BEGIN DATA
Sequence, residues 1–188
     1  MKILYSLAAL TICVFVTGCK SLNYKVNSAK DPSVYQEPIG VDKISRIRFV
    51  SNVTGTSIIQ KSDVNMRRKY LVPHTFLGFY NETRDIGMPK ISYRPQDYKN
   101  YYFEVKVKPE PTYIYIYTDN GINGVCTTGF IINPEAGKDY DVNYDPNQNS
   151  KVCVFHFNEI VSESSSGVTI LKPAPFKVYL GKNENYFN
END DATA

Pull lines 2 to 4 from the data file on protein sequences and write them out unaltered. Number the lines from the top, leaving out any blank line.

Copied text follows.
     1  MKILYSLAAL TICVFVTGCK SLNYKVNSAK DPSVYQEPIG VDKISRIRFV
    51  SNVTGTSIIQ KSDVNMRRKY LVPHTFLGFY NETRDIGMPK ISYRPQDYKN
   101  YYFEVKVKPE PTYIYIYTDN GINGVCTTGF IINPEAGKDY DVNYDPNQNS